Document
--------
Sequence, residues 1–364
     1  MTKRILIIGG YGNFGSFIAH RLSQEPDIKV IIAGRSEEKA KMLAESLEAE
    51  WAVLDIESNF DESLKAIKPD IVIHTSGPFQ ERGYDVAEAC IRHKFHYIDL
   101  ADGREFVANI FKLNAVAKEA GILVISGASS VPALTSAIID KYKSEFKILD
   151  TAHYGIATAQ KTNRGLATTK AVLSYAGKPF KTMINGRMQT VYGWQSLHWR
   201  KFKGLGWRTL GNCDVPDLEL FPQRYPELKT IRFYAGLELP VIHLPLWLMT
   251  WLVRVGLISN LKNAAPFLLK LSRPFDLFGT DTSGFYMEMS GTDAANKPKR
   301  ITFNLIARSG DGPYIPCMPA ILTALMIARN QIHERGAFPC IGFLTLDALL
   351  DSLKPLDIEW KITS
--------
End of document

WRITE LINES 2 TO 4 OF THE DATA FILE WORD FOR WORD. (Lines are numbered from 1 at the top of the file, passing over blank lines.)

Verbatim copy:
     1  MTKRILIIGG YGNFGSFIAH RLSQEPDIKV IIAGRSEEKA KMLAESLEAE
    51  WAVLDIESNF DESLKAIKPD IVIHTSGPFQ ERGYDVAEAC IRHKFHYIDL
   101  ADGREFVANI FKLNAVAKEA GILVISGASS VPALTSAIID KYKSEFKILD